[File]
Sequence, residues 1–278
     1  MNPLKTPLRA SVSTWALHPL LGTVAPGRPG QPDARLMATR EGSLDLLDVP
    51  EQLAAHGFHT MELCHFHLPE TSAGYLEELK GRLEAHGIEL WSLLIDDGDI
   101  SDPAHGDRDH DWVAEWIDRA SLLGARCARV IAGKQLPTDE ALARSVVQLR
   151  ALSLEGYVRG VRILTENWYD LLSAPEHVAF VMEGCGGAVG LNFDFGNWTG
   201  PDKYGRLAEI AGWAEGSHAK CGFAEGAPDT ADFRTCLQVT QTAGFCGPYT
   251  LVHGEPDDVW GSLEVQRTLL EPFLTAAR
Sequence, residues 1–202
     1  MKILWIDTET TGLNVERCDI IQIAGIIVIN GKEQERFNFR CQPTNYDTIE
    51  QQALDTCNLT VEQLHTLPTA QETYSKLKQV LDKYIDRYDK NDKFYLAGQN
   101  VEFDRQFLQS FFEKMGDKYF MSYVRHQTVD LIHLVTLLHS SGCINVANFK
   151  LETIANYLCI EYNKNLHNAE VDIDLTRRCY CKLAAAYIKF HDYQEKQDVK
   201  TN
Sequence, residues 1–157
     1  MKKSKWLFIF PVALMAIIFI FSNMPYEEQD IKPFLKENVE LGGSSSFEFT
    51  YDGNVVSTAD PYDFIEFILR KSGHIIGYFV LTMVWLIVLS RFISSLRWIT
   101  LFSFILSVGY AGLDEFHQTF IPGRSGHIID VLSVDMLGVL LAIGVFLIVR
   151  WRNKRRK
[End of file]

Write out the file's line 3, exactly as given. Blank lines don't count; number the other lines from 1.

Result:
    51  EQLAAHGFHT MELCHFHLPE TSAGYLEELK GRLEAHGIEL WSLLIDDGDI